Most good estate plans are written in a sufficiently flexible manner such that the birth of a child or grandchild will not necessitate a change to the estate plan. However, an estate plan entails the naming of people to perform a variety of roles, including personal representative (executor) of the estate, guardians of minor children, trustees of trusts to be created, and agents under both general and medical powers of attorney, as well as successors to such people. The death or disability of a family member may make it important to review and revise the document provisions naming such people.

The prevalence of divorce in our society is often of concern to a parent whose child is getting married. Generally, a trust created by a parent for a child cannot be divided by a court in a divorce proceeding. This may cause a parent to revisit the estate plan and perhaps create trusts where none previously existed for the benefit of children or lengthen the duration of trusts already provided for, including for the lifetime of the child.

A change in your financial circumstances will often make a review of your estate plan prudent. An increase in wealth, whether due to the accumulation of assets resulting from hard work and diligent saving, inheritance or successful investment, may cause a parent to reconsider how and when a child should get access to such assets. A decrease in wealth, particularly as parents age and spend down their assets, may make a simplification of an estate plan drafted in earlier years appropriate.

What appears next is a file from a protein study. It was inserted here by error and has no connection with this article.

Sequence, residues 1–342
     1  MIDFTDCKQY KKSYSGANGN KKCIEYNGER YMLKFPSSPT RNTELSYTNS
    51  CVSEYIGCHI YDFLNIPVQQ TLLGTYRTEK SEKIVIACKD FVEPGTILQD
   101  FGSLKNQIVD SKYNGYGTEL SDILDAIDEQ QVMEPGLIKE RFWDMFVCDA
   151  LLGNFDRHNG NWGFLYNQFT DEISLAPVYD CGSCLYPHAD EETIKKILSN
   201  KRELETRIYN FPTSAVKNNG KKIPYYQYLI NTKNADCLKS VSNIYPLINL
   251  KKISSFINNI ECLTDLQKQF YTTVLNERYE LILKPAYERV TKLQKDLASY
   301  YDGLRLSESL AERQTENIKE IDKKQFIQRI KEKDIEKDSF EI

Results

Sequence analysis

A common reason for reviewing an estate plan is a change to federal or state estate tax laws. Many estate plans were drafted when the estate tax exemption was low by today’s standards, for example, $1 million, whereas the exemption amount will be $5.6 million in 2018. As a result, the estate planning and the titling of assets that was designed to minimize or eliminate estate taxes may no longer be necessary, and there may well be available alternatives that would be preferable.